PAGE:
While many of us can easily recognize the four major communication styles, their usefulness in a business context is limited. The framework contains inherent value judgments; a quick glance reveals that the ideal communication style is assertive. More significantly, these descriptors only reflect someone’s outward behavior. They don’t provide any clues to help you improve your communication with that person.
To more accurately gauge how to communicate with different personalities, consider how you would characterize each of your employees according to the DiSC framework. The DiSC tool evaluates how an individual responds in various situations to determine their communication style. It scores four primary variables – dominance, influence, steadiness and conscientiousness – and then characterizes the individual’s primary interaction style based on which factor influences them the most.
Get To Know Your Employees
While there are many different personality frameworks, they largely focus on similar attributes. Consider having your team members complete a self-assessment and share their results at your next company-wide meeting. Even if someone hasn’t filled out a questionnaire, you can often observe basic traits such as introversion or extroversion from their behavior. Remember to keep your own personality and communication style in mind when evaluating others.
By identifying your employees’ personalities using the DiSC framework, you can tailor the way you communicate with different personalities in the workplace. If someone is action-oriented and focused on the big picture, they have a “dominant” communication style. Be direct and concise with these employees, and expect the same in return.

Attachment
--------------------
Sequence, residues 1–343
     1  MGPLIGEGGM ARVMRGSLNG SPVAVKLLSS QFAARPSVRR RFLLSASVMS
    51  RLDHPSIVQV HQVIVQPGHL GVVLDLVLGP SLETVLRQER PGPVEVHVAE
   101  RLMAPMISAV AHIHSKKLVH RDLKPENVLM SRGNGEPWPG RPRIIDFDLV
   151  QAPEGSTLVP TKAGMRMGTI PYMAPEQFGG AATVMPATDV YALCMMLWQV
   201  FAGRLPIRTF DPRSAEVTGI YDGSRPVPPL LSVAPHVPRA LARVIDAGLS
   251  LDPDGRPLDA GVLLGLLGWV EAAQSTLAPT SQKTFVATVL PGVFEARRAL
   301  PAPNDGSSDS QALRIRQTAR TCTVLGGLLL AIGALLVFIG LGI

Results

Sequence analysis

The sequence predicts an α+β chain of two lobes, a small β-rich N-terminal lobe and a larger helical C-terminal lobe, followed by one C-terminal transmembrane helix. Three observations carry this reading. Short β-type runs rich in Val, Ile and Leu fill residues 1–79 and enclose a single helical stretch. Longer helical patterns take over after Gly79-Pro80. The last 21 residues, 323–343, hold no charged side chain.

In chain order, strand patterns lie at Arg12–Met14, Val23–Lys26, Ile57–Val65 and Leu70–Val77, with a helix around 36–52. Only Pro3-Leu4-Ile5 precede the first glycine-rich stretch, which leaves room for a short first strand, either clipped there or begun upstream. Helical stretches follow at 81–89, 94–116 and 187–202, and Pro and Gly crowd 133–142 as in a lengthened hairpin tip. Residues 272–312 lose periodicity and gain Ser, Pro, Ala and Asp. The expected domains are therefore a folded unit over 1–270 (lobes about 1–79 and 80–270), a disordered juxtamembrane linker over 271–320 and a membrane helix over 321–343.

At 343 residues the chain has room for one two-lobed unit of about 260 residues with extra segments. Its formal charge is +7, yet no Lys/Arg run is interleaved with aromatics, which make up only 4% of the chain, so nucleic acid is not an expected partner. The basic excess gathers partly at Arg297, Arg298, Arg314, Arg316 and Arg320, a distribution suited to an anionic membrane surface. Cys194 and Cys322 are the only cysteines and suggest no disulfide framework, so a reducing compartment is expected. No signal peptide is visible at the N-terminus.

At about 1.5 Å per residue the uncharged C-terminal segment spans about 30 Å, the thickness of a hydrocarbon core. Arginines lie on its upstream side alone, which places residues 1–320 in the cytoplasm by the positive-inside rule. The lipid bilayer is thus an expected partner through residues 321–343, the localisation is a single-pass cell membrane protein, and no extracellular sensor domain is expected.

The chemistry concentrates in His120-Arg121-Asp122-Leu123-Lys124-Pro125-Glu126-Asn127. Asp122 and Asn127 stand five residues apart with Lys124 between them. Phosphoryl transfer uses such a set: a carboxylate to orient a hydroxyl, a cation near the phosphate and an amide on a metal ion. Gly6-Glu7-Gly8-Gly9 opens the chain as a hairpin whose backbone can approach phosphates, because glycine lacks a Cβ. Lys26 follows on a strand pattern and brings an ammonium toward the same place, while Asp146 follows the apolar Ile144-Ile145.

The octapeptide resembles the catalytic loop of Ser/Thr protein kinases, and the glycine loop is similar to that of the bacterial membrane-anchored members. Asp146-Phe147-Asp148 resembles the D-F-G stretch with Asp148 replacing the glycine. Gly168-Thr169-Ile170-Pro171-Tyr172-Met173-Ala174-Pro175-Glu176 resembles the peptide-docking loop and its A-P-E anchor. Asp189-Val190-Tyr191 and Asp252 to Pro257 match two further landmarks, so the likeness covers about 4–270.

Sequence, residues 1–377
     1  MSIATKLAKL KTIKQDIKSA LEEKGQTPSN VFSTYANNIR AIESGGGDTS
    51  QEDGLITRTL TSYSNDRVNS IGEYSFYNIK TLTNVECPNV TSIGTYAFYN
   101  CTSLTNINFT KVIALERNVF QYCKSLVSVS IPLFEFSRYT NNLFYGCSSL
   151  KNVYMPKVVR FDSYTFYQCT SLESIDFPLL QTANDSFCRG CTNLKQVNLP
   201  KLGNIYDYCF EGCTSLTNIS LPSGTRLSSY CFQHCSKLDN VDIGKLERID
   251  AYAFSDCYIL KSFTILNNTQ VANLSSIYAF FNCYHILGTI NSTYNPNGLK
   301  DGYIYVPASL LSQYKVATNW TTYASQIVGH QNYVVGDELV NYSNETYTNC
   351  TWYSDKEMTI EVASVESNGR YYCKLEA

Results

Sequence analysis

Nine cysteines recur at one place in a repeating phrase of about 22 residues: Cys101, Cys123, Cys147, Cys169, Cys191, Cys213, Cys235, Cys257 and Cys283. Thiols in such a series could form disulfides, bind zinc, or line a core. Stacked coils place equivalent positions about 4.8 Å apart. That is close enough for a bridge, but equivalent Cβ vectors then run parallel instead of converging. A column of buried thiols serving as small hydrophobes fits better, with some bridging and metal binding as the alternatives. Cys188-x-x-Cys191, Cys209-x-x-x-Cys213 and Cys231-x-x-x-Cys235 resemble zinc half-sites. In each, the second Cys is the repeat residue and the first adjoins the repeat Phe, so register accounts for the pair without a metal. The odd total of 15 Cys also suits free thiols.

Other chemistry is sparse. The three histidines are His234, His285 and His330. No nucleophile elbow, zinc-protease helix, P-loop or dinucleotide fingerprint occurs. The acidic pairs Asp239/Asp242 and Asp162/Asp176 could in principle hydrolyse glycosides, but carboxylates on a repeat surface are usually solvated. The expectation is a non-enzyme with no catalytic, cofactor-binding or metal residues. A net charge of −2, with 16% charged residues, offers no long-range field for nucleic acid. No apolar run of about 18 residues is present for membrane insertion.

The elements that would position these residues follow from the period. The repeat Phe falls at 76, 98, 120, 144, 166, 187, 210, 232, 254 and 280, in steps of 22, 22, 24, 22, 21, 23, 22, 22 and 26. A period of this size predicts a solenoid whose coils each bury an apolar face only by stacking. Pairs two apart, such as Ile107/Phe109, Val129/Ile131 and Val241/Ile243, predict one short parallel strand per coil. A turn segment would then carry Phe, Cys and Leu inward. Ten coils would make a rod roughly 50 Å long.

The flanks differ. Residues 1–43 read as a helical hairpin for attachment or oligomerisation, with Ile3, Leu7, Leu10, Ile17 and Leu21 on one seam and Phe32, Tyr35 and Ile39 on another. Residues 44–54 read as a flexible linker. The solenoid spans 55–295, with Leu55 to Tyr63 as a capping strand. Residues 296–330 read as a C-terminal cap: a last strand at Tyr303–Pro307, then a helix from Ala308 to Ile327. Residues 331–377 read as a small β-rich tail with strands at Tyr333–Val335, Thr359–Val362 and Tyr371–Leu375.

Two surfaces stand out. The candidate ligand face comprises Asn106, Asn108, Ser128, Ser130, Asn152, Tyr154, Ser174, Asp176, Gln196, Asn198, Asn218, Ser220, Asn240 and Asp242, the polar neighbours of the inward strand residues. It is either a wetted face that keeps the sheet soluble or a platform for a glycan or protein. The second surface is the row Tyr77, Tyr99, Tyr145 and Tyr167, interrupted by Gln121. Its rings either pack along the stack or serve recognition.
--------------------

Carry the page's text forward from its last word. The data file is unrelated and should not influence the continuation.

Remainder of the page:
However, when you’re communicating with an “influencer,” you will want to take a more friendly approach. These are your most social and collaborative employees. Try to connect with these people in a more casual way, and put the details in writing to help them remember key deliverables.
“Steady” personalities are also focused on others but have a stronger desire for cooperation. In a group, the “steady” employees will be ones who value consistency and want everyone to get along. Be mindful that you will probably have to draw their opinions out. To ensure they feel heard, practice active listening by summarizing what they’ve told you in your own words.
Like “dominant” types, your “conscientious” employees are highly logical. These are the individuals who thrive on facts, figures and systems. Keep their need for details and organization in mind when communicating. When working with a “conscientious” person, give them as much information as possible and outline clear expectations.
Promote A Common Vision
Defining and communicating the core values for your organization can help unite your team behind a common purpose. While everyone brings their own unique background and personality to work, you all share some mutual goals such as producing an excellent product or providing a high quality service. Focus on your organization’s mission rather than small disagreements and personal differences.
You can’t change your employees’ personalities, but you can shift the way you engage with them. By working with their communication styles and not against them, you can create an environment where your team feels respected and heard. Leverage your employees’ differences as strengths, and watch your company flourish.